3 Common Welding Mistakes To Avoid

To err is human, but reducing the risk of these errors and mistakes is beneficial especially in a workplace environment. If you work in a manufacturing facility, understanding the dangers of mistakes and accidents is even more important, since many errors can lead to serious injury. Whether working on actual industrial equipment or connecting sheet metal, welding can be dangerous without proper understanding and training. As a matter of fact, welding, cutting, and brazing can lead to numerous injuries. By avoiding these common welding mistakes, you will be able to reduce the risk of workplace accidents, protecting yourself and other employees.

1. Poor Cable Connections

Issues pertaining to the ground connections and cables can lead to serious problems, affecting the quality of your welding arc while increasing your risk of electrical shock.

If cables are damaged, you will lack the proper voltage needed to create sufficient heat for welding. Improper cable connections can also cause spatter, which will require more time and energy to clean up after the welding work is complete.

Before starting to weld, check the connections to ensure they are tightened and secure (they will loosen over time). Cables should be free of nicks and damage, as well.

2. Insufficient/Excessive Anti-Spatter

Anti-spatter spray is essential while welding because it prevents spatter from the welding arc sticking to the welding gun.

Without a sufficient amount of anti-spatter, a simple welding job can turn into an overwhelming mess. On the other hand, too much anti-spatter can decrease the function of your welding gun, reducing the quality of the weld and increasing the time and cost to perform a simple welding task.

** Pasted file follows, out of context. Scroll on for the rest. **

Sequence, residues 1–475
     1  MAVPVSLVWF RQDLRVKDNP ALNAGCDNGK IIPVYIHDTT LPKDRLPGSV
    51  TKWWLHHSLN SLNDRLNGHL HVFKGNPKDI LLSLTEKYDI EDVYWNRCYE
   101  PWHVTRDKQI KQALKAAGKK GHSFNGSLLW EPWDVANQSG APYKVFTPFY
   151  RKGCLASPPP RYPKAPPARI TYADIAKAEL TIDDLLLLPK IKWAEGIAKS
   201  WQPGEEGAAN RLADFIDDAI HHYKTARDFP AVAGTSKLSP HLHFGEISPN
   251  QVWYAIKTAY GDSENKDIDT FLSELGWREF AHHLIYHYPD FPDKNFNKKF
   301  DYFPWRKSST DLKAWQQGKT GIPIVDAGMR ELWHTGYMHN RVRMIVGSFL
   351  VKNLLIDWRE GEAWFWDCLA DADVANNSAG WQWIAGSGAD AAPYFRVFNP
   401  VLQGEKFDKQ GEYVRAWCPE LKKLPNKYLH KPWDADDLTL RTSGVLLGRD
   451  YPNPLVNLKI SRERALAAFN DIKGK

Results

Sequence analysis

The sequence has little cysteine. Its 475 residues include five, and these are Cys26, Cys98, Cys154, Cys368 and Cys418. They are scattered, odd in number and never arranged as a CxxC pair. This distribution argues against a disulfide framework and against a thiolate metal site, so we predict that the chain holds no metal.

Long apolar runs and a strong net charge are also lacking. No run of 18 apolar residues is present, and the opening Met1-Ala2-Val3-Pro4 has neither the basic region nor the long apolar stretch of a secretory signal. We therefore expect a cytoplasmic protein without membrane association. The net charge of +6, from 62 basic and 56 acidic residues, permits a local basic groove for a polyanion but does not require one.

Check the welding parameters and settings to determine if you have the right amount of anti-spatter spray. If your gas settings are adjusted too high, this can also increase the amount of spatter you see while welding. Lower the amount of gas you are using instead of using more anti-spatter spray.

3. Improper Preparation

Lastly, accidents may occur if you are not properly prepared to begin a welding job.

To get started, make sure you have the appropriate safety gear on hand to wear. Gloves protect your hands and arms from spatter, shock, and burn. Of course, a full mask that covers your entire face and part of the head is also essential because of the constant spatter that welding produces. You should also wear an apron over your body to not only protect your clothing, but to also protect your neck, chest, abdomen, and legs.

Before beginning, know what type of metal you are working with since this will affect the type of welding you perform. With proper understanding and preparation, welding in a manufacturing environment can be effective, efficient, and safe. For more information, contact your local welding services.